The guidelines outlined in the Super Matchy Super Clashy Sibling Name series were created to help parents take a more proactive approach in naming their children, but were never meant to be gospel. If you find a name for baby 3 that feels perfect in every way, except it doesn’t go perfectly with your older children’s names, I suggest you go with your heart.

Readers: How would you continue these sibling sets? Set 1: Huey, Ross, and Theo. Set 2: Arianna, Bianca, and Cecilia. Do you any other ideas for same letter, alphabetical order sibling sets?

Photo credit.

Comments

  1. I would do…

    Huey, Ross, Theo, and Jack

    Arianna, Bianca, Cecilia, and Daniella

  2. Elizabeth says:

    For the Huey, Ross, & Theo sibset, I would do Drew, Ella/Elle, Faye, Nell, Cora, or Lyle,

  3. The first name that came to mind as a sister for Arianna, Bianca and Cecilia following that pattern would be Danica.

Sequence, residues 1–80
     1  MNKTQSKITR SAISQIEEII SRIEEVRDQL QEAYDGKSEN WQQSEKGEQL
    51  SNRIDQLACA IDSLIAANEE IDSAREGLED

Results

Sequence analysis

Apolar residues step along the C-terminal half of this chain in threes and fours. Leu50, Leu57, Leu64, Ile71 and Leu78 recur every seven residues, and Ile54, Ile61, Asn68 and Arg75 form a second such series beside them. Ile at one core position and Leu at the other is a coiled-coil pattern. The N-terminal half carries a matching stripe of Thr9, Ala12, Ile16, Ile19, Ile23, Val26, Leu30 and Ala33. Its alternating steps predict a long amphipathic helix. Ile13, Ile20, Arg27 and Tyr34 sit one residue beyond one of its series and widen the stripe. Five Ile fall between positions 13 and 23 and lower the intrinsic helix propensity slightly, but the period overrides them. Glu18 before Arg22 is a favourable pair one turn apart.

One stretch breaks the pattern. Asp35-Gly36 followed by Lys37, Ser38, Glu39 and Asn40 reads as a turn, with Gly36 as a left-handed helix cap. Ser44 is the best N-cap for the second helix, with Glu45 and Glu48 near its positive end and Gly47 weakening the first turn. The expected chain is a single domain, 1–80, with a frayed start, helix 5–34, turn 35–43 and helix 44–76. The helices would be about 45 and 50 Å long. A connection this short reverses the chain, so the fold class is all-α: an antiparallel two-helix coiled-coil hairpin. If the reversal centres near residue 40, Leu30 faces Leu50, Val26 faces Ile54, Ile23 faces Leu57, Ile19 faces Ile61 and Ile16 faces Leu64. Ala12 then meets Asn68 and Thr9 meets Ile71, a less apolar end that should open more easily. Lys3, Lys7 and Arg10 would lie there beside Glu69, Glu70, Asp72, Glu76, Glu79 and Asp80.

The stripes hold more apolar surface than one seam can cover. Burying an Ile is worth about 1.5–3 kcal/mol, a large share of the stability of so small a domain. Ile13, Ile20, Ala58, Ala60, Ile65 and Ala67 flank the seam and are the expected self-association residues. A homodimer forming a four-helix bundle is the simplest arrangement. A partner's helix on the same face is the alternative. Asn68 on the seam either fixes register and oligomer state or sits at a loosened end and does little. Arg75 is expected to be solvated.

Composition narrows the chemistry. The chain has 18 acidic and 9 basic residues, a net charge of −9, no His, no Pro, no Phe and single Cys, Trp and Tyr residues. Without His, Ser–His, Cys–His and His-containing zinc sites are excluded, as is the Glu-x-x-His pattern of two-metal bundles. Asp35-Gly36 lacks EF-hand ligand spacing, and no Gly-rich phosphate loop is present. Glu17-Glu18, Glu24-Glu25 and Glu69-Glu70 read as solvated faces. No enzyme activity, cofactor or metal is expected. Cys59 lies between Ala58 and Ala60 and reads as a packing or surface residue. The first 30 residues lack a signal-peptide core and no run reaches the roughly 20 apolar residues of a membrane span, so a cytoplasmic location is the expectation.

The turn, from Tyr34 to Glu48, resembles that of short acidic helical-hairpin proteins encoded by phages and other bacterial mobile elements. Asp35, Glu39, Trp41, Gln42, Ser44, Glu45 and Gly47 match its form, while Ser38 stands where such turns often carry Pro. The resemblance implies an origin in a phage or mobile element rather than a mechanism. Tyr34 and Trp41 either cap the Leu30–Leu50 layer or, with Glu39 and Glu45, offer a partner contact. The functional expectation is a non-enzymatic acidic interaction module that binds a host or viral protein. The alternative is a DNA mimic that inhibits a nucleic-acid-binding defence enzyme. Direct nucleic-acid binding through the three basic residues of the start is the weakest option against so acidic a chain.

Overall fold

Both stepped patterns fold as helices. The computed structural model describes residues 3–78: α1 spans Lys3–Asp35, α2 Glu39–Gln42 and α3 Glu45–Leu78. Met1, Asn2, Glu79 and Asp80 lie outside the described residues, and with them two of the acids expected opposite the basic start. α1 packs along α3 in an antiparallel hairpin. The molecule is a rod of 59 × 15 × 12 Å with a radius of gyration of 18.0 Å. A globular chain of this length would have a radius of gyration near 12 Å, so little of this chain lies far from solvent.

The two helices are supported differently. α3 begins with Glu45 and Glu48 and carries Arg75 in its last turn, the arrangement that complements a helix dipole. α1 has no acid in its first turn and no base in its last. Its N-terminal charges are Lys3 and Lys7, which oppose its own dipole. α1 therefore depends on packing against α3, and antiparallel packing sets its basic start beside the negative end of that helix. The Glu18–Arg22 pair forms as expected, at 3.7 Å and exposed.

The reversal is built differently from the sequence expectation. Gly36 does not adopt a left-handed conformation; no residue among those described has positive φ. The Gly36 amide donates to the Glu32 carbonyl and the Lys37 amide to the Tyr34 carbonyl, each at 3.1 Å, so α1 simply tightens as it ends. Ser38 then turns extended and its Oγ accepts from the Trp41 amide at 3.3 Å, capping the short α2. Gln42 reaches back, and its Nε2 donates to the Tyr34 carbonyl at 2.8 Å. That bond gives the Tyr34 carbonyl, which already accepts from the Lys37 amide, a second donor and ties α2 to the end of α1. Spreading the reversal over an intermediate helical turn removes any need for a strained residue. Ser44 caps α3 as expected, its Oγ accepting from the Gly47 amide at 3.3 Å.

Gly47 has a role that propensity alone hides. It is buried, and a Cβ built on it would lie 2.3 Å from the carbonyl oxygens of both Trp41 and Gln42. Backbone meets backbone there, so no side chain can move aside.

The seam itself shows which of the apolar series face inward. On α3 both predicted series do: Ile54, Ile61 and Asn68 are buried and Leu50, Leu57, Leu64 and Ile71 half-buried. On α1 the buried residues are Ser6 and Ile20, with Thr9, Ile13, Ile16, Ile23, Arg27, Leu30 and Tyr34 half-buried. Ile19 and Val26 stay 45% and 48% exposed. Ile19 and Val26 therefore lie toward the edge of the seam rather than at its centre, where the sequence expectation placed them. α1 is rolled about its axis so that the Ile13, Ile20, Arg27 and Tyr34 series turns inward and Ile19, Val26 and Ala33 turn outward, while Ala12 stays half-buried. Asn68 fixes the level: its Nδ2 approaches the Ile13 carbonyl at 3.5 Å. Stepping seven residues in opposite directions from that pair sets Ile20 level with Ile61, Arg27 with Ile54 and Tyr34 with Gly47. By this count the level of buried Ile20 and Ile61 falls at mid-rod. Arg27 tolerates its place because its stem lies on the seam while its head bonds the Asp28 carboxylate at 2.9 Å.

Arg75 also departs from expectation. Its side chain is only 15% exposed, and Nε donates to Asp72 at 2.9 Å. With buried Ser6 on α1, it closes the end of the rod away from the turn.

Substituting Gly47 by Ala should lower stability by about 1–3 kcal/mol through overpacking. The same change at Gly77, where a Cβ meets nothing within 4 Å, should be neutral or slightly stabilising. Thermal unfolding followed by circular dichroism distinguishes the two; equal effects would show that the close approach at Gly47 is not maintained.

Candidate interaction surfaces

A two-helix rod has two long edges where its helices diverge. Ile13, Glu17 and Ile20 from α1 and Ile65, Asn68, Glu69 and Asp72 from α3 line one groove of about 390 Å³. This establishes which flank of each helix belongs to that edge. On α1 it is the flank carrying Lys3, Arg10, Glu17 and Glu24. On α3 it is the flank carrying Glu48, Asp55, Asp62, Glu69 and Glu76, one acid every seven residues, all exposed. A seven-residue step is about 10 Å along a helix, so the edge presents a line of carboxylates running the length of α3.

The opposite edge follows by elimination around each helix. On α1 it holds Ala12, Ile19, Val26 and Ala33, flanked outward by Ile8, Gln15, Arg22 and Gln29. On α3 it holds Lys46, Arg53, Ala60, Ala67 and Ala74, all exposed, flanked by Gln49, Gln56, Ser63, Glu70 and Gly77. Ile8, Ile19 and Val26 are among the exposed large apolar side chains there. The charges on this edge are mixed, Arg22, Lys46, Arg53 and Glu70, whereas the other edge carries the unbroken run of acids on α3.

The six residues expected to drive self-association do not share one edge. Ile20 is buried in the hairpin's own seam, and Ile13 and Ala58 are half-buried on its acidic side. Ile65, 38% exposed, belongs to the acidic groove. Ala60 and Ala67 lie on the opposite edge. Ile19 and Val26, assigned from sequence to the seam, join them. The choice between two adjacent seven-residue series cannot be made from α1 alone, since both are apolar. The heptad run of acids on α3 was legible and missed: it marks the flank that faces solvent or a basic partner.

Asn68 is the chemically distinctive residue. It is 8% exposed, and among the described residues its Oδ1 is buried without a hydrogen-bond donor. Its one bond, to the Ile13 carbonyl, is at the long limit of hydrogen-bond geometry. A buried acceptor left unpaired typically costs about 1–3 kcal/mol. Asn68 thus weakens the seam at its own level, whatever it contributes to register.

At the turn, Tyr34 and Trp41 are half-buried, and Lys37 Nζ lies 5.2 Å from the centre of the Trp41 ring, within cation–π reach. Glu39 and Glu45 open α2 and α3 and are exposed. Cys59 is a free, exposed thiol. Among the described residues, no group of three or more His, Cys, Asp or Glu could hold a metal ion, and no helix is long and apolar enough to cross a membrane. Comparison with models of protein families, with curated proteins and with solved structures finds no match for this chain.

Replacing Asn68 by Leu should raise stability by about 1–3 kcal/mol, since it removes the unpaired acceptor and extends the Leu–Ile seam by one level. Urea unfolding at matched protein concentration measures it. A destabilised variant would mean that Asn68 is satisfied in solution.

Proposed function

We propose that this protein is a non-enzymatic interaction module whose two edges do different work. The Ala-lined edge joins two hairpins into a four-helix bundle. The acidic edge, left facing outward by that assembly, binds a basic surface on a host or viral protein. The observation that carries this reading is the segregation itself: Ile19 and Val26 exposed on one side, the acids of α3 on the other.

4. Milt
    Dalia

  5. My husband and I are not able to agree on a name for our son due in March. We have a son named Bryce. My husband has his mind set on using Jase for our second son. I like this name and would be happy to use it, however, I have reservations since Bryce and Jase wound so much alike. My other problem is that Jase is the only name we both like enough to use as a name for our son. What do you think? Could these two names work together? Any thoughts would be helpful.

    • When I say Bryce I pronounce it to rhyme with “rice” and when I say Jace I pronounce it to rhyme with “chase”. I don’t know how you are pronouncing these names, but the way I pronounce them, they have very similar endings, but sound different enough. My only concern would be accidently mixing the names up as “Brace” and “Jice” when saying them in succession. If you are comfortable saying them next to each other, I would use them. Maybe saying the two names together a couple of times will help you decide.

  6. Rachael Brennan says:

    I recently heard of sibling set of Sevastion, Silas, and Stallone……don’t seem too fit together at all.